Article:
Not long ago, parents spent time and energy worrying about contagious diseases other than COVID-19: respiratory syncytial virus (RSV); hand, foot, and mouth disease; strep throat; and even the boring old flu. But the default standards for "safety" haphazardly narrowed and heightened as COVID-19 burst onto the scene. Lockdowns, school closures, and other restrictions substantially limited people's access to each other.
There was one apparent silver lining to all this disruption: Flu circulation in the winter of 2020–21 stayed at an all-time low, according to the Centers for Disease Control and Prevention (CDC). The 2020–21 RSV season failed to materialize as well. Pandemic-weary parents grasping at straws noticed their bored, undersocialized kids at least had no colds. Maybe lower childhood contagious disease rates could become a legacy of this pandemic?
Alas, that hope was short-lived. By May and June 2021, pediatricians noticed an unprecedented, counterseasonal surge in communicable illnesses, particularly RSV. Hand, foot, and mouth disease came right along with it, tearing through schools and day care centers all summer with unmistakable boils. Strep throat got in on the action too. Instead of dodging diseases, this catch-up wave suggested, children had largely just deferred them.
Some alleged COVID-19 mitigation measures, such as more frequent sanitizing of preschool surfaces, would have actually done more to prevent RSV (which does commonly transmit itself via contact with contaminated surfaces) than to prevent COVID-19 (which does not). Yet kids were slammed by RSV anyway. Isolation turned them into dry immunological kindling.
The catch-up wave came knocking on my own door. First, my son fell ill with some demon strain of hand, foot, and mouth disease on the evening of his -second birthday. It took more than a week for the hundreds of bubbly, fluid-filled -blisters coating his miserable body to dry up, and he spent most of that time crying and refusing to eat. The disease is not known to be fatal, thankfully, but it's no picnic either.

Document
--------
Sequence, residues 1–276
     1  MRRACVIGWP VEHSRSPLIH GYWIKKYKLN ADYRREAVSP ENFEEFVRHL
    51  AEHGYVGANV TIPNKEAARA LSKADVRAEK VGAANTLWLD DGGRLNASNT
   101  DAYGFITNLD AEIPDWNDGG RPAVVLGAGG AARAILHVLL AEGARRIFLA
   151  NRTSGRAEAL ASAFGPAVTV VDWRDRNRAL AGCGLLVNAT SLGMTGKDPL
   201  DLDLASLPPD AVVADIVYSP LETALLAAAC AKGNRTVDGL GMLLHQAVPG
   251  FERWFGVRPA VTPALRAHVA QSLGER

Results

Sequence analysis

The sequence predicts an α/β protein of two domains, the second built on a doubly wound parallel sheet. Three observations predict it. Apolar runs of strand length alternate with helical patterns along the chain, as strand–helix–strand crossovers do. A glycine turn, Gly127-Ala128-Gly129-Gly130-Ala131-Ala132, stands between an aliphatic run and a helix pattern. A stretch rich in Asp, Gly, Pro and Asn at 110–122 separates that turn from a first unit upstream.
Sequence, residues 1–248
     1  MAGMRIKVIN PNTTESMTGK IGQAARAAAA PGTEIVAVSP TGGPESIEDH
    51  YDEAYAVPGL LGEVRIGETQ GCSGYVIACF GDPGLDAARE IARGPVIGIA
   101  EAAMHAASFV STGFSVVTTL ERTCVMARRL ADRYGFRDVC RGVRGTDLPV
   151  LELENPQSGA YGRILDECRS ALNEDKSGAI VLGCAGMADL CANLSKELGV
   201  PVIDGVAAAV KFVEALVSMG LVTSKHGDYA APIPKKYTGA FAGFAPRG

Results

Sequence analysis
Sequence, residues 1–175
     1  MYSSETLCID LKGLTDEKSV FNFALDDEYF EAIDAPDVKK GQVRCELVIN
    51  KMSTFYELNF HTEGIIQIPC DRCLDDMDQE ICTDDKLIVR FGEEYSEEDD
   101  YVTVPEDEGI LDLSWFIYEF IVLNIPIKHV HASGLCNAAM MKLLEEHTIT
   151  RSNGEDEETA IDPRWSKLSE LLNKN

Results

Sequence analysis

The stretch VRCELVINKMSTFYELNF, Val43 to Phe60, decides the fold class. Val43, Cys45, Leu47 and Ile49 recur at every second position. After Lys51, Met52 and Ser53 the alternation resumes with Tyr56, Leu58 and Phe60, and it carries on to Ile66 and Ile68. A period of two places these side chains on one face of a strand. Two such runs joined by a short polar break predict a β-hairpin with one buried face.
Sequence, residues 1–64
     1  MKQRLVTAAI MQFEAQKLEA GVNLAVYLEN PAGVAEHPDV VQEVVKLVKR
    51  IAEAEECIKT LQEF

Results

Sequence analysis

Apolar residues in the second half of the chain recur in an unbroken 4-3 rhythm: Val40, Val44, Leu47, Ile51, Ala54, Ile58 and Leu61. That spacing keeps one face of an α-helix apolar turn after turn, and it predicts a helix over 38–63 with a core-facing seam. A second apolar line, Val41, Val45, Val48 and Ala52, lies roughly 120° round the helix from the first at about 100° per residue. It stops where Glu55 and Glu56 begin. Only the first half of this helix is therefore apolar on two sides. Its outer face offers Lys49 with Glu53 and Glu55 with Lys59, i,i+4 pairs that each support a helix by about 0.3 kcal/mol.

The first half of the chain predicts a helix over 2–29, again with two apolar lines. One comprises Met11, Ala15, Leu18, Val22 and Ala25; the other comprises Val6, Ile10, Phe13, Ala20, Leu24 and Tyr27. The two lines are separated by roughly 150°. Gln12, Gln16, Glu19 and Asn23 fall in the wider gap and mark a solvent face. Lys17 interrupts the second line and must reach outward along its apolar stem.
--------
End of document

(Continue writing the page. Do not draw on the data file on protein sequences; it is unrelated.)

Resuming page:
Shortly after that, my son and younger daughter both began coughing up their little lungs. In between turning on cartoons for them, I checked the preschool parent-teacher communication app. Other parents sent happy messages full of celebratory emoji when testing revealed their kids "only" had RSV. That hardly seemed worth celebrating, since RSV is many times more dangerous to children than COVID-19. We just waited it out: They likely caught RSV at school, but even if it had been COVID-19, there wouldn't have been much to do about it.
Before the pandemic, almost no one knew if or when their kids had RSV. It was just part of the long train of ambiguous, unavoidable colds we treated at home with little more than chicken soup. As Tim Porter, a pediatrician and founder of Modern Pediatrics in Austin, explained to me, RSV testing might help inform choices for the small percentage of children who end up hospitalized, but it's of no real benefit otherwise. For that reason, his practice still doesn't offer RSV testing.
Although increased testing may be both a symptom and a cause of parental anxiety, the catch-up wave is not an illusion created by more testing. According to CDC monitoring, cases of children hospitalized were way up this summer—not just above the anomalous 2020 baseline, but above ordinary summers in recent history. The elevated level was more like an ordinary winter's.
Despite recent questions about COVID-19 immunity levels, the basic facts of human immunity haven't changed. Immunologists and pediatricians should have foreseen that, unless we were going to lock children down forever, these surges in childhood illness were basically inevitable. Yet the people in power seemed to ignore or downplay the potential costs of their edicts and guidelines.
As it turns out, isolation does not put your immune system on pause; sometimes immunity follows a "use it or lose it" rule. While they were Zooming in to school, children with existing partial immunity to endemic contagious diseases missed many opportunities to be exposed again, which would have refreshed their immune systems. We ended up with the opposite of herd immunity: a bunch of kids with suboptimal immune systems.
It is one thing for leaders to make tough, transparent decisions that trade one person's good for another's. It is quite another thing for leaders to shut schools "to protect children's health" when it does nothing of the sort.